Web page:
I’ll go out on a limb: CoRoT-7b’s density will turn out to be anomalously high. More than 90% of “super Earths” will turn out to be “sub-Neptunes” as far as their density is concerned.

Lobbying for Alpha Cen

August 29th, 2009 10 comments

Philippe Thebault sent me a link to an article on the Alpha Centauri planet search published earlier this month in the Frankfurter Allgemeine Zeitung. The text is in German, but the Google translator does a passable job of getting the gist across.

I got my first inkling of the Geneva Planet Search’s Alpha Centauri campaign through Lee Billings’ article in Seed Magazine. (See this post). In the Frankfurter Allgemeine article, Francesco Pepe gives further details — Alpha Cen B is one out of ten stars that are receiving special scrutiny for terrestrial planets at HARPS. They are getting one observation every two weeks, meaning that the star is being hit roughly one out of every two of their planet search nights:

“Allerdings müssen wir uns Harps mit anderen Gruppen teilen”, sagt er. Zudem ist Alpha Centauri B nur einer von zehn Sternen, die sie auf erdähnliche Planeten absuchen wollen. “Aber alle zwei Wochen schauen wir damit auf Alpha Centauri, und das Gerät ist sehr effizient.”

This quote implies that my speculations regarding the Geneva team’s data collection rate on Alpha Cen B were somewhat overheated. Instead of getting 100 ultra-high-precision HARPS velocities per year, it looks like a more realistic estimate of their current rate is 25 velocities per year. Since signal-to-noise increases as the root of the number of observations, this means that the minimum mass threshold for Alpha Cen Bb at any given time is approximately doubled relative to my estimates at the beginning of the Summer. Instead of arriving at 2.5 Earth masses in the habitable zone a bit more than a year from now, they’ll be at roughly 5 Earth masses.

Now nobody likes backseat drivers. As the saying goes, “theorists know the way, but they can’t drive”, and theorists have had a particularly dismal record in predicting nearly everything exoplanetary.

But nevertheless, I’m urging a factor-of-four increase to that data rate on Alpha Cen B. I would advocate two fully p-mode averaged velocities per night, 50 nights per year. I know that because Alpha Cen B is so bright, the duty cycle isn’t great. I know that there are a whole panoply of other interesting systems calling for time. It is indeed a gamble, but from the big-picture point of view, there’s a hugely nonlinear payoff in finding a potentially habitable planet around Alpha Centauri in comparison to any other star.

During the next few months, it’s inevitable that one of the numerous Super-Earths that have been turning up in the radial velocity surveys will be announced to be observable in transit (see, e.g. this post). When that occurs, we’ll effectively have had our last first look at a truly new category of planet — the logarithmic mass interval between Earth an Uranus is currently by far the largest among the 70-odd planets that have accurately determined radii. My own guess is that the emerging population of super-Earths will be better described as a population of sub-Neptunes. That is, the transit depths will indicate compositions that are largely water.

So if 5-Earth mass planets turn out to be primarily water-based rather than rock-based, it’s (in my mind) an argument in favor of cranking up the data rate on Alpha Cen B. There were no structurally substantial quantities of water in the Alpha Cen planet-forming environment. If we’re seeing sub-Neptunes rather than super-Earths in the HD 40307, Gliese 581, et al. systems, then the odds are heightened that any planets orbiting Alpha Cen B are less than 2 Earth masses. There’s no payoff in tuning your Alpha Cen B strategy for sub-Neptunes. Finding truly terrestrial-mass planets will require paying full freight.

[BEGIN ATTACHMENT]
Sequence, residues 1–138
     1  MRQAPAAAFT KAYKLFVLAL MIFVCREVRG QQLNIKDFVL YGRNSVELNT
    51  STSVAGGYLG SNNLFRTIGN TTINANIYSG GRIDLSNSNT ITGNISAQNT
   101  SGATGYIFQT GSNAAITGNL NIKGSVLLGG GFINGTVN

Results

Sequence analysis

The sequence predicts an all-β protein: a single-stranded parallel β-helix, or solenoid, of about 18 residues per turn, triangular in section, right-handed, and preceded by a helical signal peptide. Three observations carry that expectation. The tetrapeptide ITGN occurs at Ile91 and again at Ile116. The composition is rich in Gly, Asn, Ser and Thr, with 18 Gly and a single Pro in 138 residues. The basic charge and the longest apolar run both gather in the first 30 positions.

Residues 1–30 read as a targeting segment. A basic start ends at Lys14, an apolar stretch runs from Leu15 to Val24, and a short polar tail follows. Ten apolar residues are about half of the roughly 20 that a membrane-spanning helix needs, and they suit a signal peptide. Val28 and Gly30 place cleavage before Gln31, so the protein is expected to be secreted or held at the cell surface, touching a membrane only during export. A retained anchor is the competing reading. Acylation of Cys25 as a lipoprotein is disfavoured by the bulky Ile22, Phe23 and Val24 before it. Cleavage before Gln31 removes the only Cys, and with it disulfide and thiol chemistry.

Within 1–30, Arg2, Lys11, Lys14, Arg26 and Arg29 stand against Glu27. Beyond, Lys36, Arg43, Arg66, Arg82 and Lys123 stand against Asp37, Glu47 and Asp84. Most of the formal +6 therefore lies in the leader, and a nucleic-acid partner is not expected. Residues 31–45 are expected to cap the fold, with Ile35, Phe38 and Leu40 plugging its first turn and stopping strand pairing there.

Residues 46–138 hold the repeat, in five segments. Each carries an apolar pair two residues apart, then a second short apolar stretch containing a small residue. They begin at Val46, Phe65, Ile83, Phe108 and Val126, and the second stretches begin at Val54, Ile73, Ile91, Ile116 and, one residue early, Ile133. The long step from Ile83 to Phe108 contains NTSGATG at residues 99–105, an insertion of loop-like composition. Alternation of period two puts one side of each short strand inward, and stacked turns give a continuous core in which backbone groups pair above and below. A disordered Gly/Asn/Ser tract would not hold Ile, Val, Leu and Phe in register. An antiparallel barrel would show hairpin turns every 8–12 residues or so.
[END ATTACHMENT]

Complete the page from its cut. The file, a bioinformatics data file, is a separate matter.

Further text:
In the early nineteenth century, the detection of stellar parallax was a problem fully equivalent in both scientific excitement and prestige to the modern-day detection of the first potentially habitable extrasolar planet. I think it’s worth noting that the prize of discovery of the first stellar parallax went not to the eminently capable (but overly cautious and slow-moving) observer who accumulated data on the best star in the sky, but rather to an observer who focused on a rather obscure star in the constellation Cygnus.

Here’s a link to the article, “Thomas Henderson and Alpha Centauri” by Brian Warner of the University of Cape Town.


April 21st, 2009 4 comments

Woke up this morning to the startling news that the Geneva team has added an Msin(i)=1.9 Earth mass planet to the Gliese 581 system! The preprint (Mayor et al. 2009) is available from, and will appear in Astronomy and Astrophysics. With a radial velocity half-amplitude, K=1.85 m/s, Gl 581e is the lowest-mass planet detected to date.

“The orbital period of the new planet “e” is quite close to pi days. i would mark down a score of -1 for competing planet hunters, whose signals-to-noise are accumulating in proportion to the root of the number of measurements.” said Greg Laughlin, an astronomer at the University of California, Santa Cruz.

In addition to the detection of the new 1.9 Earth-mass planet in the system, the period of Gliese 581d has been revised (to great habitability fanfare) from 84 days to 66 days. Indeed, the new, shorter period raises the habitability value of Gliese 581d from about 0.5 cents to nearly one penny.

As often happens, a strong hint of the new planet was lurking unnoticed in the previously published radial velocity data, and it’s especially interesting to look at the details in this particular case to see how the period revision came about. Let’s work with the 50 radial velocities published by Udry et al. 2007.

The two strongest periodicities in the system come from planets b and c. Removing these planets with the assumption of circular orbits leaves a residuals periodogram that has its strongest peak at 84 days:

The 66 day periodicity is lagging in second place with 66% of the power. Nevertheless, both periodicities provide significant improvement to the fit. An 84-day planet has K=2.67 m/s, and leaves an RMS of 1.43 m/s to the three planet fit:

A best fit 66-day planet has a slightly higher K=2.77 m/s, but leaves an RMS of 1.72 m/s. The chi-square is also higher: 5.10 as compared to 3.65. In the 2007 data, the 84-d planet thus looked quite secure. With hindsight, though, one notices that the phase coverage in the 66-day fit is better than for the 84-day fit. As more data was obtained, it became clear that the 84-day period was an alias of the true 66-day periodicity. Fair enough — RVs are expensive to obtain, and revisions of this sort are an inevitable product of progress.

In the residuals to the fit with the 84-day planet, planet e is present, but it’s masked by a spurious periodicity at 3.45 days,

whereas in the residuals to the fit with the 66-day planet, planet-e is in the #1 spot — not yet significant, but certainly more tantalizing…